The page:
A God can be whatever one expresses faith in. It can be politics, it can be money, it can be celebrity, it can be narcissism, it can be social status, it can be race, it can be sex, pick your poison! The golden mean actually corresponds quite rightly to the Golden rule, one is Greek philosophy, the other was spoken by Christ! Both are transformative, and both are deemed unnecessary by those who are moral hypocrites.

    It’s a self-righteous bandwagon that humanity loves to jump on to prevent equality and create separation for the sake of a self-perceived right of superiority and a heaping helping of moral turpitude. There is no cure for that, well, there is, but, no one wants that responsibility or to put forth the effort.

  3. I find myself fascinated this morning reading your comments right after reading the NYT’s Timothy Dzeneui’s essay on Joan Didion’s essay about the divisions in American society. The never ending breaking apart of our society as decade after decade new divisive issues arise pitting citizens against each other explains why we cannot ever seem to move forward and improve our own lives.
    Like Joan, I feel dizzy and out of balance these days from the news and my fellow citizen’s response to it.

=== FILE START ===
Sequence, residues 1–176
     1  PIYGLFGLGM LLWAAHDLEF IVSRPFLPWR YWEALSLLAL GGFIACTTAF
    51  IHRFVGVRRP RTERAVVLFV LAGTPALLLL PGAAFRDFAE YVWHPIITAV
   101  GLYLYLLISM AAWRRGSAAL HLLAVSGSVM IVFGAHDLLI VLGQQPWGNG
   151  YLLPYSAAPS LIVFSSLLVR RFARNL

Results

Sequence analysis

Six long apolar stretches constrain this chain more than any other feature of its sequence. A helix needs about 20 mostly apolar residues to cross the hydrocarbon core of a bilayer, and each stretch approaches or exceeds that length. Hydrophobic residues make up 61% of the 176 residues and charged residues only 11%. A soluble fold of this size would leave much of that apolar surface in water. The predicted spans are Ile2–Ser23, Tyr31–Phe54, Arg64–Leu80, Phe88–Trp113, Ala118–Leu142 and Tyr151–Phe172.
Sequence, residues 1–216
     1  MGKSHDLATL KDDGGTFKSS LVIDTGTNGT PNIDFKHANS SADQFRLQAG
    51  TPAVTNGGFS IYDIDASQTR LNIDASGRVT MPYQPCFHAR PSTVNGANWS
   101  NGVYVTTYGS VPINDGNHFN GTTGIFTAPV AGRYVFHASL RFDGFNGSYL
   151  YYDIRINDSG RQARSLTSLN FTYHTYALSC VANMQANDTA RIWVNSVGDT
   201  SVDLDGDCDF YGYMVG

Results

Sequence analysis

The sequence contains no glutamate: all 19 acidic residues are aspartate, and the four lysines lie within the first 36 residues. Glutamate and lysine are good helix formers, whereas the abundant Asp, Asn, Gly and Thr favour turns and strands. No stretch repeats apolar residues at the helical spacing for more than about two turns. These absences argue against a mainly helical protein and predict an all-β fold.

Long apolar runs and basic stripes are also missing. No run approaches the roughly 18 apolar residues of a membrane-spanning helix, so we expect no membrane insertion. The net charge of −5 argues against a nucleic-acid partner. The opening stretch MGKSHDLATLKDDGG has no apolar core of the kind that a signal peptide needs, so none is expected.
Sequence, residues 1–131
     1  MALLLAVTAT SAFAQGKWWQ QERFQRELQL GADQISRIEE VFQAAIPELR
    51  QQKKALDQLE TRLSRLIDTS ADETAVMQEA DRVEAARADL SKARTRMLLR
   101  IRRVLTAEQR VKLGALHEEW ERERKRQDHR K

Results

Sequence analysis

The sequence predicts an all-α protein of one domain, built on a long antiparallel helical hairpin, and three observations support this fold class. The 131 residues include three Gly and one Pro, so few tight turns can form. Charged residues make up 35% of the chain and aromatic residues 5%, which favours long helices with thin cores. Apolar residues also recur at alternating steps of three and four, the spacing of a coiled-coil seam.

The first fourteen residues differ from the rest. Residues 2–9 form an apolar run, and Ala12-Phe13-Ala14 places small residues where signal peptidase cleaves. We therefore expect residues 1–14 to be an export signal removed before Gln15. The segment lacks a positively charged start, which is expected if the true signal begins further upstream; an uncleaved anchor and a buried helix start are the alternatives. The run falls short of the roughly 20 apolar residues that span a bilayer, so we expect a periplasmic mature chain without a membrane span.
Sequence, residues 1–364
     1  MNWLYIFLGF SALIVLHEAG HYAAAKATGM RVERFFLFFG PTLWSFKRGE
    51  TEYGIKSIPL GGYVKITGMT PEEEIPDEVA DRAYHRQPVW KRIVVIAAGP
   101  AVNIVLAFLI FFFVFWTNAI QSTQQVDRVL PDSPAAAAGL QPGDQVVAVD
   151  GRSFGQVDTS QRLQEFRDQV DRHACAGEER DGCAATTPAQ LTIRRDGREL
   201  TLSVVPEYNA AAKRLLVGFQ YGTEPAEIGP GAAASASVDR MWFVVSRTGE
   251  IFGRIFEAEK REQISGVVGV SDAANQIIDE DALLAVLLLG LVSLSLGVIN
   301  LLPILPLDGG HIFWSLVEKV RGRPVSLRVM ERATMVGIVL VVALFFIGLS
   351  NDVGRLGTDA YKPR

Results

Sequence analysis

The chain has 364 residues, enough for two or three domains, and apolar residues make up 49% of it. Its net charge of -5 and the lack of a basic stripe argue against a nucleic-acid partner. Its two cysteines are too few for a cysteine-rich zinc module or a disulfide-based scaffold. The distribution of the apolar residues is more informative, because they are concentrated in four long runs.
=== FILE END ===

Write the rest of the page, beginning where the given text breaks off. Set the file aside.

4. The current narrative around economics seems to be focused mainly on trickle-down economics, which is exactly what the oligarchy wants. This ideology is rooted in a Calvinistic belief that one must work to earn their keep.

    Instead of this approach, we could consider implementing a Universal Basic Income and Universal Healthcare system for all Americans. This would not only provide a stable source of income for everyone, but also access to healthcare. It would ultimately help to eliminate the animosity between the Middle Class and the Lower Class, as suggested by Laurie in her post.

    Currently, the working poor are faced with high deductible medical plans that end up costing them more money. This is hardly an incentive for them to continue working. It’s clear that the Oppressors are motivated to maintain “free-market-based” economics because it allows them to maintain power over the masses. They are not interested in giving people real freedom and free choices.

    It’s obvious that the Oligarchy does not want to relinquish their power, which is why they are against any changes that would give people more freedom and agency.

  5. The more I learn of history, the more convinced I become that we are making progress. I agree with Dr. King. “The arc of the moral universe is long, but it bends toward justice.”
    I am not saying we should be complacent, but neither should we lose hope. We the people have it in our power to keep moving in positive directions.